Primarily for general aviation discussion, but other aviation topics are also welcome.
My late father used to recount a story about the early use of helicopters for checking electricity poles and cables in the more remote parts of North Yorkshire where he was the engineer.

The Electricity Board had contracted a helicopter company, among whose pilots was a gentleman of oriental appearance. On following one meandering supply line up a remote valley the pilot wanted to check that he had reached the correct farm, so set down in a field next to the farm and knocked on the farm house door to check his location.

The farmer opens the door.
Pilot, “Excuse me Sir, could you tell me where I am?”
Farmer “Aye Lad, you’re in England now.”
mick w, velostar, XX and 1 others liked this
By ChrisRowland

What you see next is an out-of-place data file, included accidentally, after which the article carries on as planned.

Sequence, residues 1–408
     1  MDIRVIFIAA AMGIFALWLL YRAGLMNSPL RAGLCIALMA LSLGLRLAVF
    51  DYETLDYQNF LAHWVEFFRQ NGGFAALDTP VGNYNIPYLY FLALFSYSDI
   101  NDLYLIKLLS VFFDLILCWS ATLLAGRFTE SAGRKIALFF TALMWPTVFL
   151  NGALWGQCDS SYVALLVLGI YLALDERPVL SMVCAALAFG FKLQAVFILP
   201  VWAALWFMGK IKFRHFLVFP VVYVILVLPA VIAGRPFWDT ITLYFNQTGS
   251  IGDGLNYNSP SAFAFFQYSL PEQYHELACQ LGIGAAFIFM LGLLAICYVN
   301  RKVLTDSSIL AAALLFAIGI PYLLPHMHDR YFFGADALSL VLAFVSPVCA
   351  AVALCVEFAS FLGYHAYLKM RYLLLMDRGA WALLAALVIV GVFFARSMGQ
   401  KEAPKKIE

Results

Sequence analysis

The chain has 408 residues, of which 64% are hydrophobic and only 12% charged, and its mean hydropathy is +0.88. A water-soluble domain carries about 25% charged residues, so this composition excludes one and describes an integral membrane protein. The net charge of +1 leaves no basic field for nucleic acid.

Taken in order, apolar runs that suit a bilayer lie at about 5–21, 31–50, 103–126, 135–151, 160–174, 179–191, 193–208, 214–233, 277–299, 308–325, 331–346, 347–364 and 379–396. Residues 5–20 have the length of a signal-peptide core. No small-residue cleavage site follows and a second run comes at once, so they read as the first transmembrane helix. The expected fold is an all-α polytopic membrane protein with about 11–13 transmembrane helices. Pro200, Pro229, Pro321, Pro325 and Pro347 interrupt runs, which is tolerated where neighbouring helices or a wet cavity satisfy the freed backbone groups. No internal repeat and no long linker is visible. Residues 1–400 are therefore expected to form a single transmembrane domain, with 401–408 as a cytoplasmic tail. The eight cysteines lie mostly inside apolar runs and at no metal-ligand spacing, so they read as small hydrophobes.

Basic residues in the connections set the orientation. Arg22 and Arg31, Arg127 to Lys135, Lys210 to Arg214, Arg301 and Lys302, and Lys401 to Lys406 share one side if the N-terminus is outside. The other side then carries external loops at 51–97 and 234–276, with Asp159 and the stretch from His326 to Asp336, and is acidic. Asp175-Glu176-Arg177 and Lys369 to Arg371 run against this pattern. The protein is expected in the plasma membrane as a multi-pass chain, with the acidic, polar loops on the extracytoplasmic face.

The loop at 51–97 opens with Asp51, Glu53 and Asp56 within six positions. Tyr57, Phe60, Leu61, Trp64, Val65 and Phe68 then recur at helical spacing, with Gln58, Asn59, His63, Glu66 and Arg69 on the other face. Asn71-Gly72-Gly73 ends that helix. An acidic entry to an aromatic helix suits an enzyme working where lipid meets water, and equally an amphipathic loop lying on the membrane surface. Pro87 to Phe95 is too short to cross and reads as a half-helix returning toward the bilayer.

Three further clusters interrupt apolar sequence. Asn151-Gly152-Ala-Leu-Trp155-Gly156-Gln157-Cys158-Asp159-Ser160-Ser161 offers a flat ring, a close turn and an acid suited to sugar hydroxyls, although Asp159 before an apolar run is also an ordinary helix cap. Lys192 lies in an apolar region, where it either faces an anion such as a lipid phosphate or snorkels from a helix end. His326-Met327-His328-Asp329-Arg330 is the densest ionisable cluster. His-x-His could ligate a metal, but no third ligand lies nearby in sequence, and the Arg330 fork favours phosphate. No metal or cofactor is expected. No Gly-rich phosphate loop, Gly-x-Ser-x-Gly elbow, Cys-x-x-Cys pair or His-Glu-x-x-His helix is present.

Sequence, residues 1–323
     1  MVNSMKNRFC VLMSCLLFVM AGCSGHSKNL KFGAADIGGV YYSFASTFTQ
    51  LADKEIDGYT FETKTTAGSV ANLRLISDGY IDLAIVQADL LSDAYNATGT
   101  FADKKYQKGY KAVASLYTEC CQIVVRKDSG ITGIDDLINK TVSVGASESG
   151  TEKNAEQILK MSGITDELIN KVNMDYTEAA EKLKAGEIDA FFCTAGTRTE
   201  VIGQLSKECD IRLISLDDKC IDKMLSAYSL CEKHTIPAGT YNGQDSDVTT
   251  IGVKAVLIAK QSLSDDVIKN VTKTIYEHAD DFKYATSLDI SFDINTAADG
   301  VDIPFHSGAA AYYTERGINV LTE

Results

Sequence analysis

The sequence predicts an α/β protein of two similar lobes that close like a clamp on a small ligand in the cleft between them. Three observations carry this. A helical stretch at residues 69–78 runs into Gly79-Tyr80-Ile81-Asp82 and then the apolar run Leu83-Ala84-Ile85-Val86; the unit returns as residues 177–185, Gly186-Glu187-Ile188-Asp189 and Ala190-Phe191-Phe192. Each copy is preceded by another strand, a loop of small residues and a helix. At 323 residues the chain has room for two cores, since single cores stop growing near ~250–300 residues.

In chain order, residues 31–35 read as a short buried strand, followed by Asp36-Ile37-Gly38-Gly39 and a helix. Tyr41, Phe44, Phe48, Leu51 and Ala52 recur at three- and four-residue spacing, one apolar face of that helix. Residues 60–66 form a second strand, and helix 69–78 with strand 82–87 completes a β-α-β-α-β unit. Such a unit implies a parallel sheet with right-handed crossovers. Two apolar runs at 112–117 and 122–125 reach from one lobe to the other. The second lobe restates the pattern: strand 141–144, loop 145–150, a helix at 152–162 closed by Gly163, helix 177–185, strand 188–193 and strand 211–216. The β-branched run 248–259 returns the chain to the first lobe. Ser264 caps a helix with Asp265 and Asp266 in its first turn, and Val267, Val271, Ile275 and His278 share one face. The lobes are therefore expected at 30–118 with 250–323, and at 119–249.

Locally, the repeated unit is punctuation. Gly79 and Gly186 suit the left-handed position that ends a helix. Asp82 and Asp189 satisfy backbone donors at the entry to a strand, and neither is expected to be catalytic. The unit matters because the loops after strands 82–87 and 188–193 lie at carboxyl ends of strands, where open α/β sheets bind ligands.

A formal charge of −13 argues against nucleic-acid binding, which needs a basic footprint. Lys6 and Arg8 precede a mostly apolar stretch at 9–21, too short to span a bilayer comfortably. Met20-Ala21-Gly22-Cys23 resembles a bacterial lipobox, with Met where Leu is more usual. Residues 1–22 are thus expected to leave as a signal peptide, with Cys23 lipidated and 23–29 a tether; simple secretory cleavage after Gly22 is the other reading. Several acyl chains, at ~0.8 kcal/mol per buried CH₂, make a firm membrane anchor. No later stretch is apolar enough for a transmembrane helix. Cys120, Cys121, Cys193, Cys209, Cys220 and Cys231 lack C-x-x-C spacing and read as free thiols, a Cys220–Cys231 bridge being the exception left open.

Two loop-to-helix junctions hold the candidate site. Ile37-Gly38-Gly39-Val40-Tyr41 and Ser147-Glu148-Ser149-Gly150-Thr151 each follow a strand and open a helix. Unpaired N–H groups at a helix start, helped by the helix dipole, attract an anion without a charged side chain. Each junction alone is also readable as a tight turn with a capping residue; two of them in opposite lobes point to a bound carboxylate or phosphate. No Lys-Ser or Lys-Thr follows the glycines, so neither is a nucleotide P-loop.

I landed my glider in a field near Milton Keynes, wandered off to the farm house, knocked on the door, explained what had happened and asked where I was - hoping to find what obscure village to direct the retrieve crew to.

"You'm in Buckinghamshire dear".

I thanked her and went off to find a sign post and a phone.

The advent of GPS and mobile phones has helped enormously, you can call home and organise the retrieve without getting out of the glider now.

There was a phase when people had mobiles but not GPS. I heard a conversation like this:
Pilot: "I've landed out!"
Crew: "Where are you?"
Pilot: "In a field"
Crew: "Hang up, go and find out where you are, then call us and let us know".
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By kanga
matthew_w100 wrote:Seriously - how can a military helo get into the situation that so much nav gear has failed that a lorry driver can provide a useful assist?

er, any reason to suppose that a Kazakh AF Mi-8 has much more than a Soviet-era standard VHF box and maybe ADF * ? And it looks to be in a snowstorm, and quite a lot of Kazakhstan is fairly featureless ..

[*RAF and AAC helos obviously have sophisticated bacon butty homing devices to find MP3, like the Chinook and Apache yesterday :) ]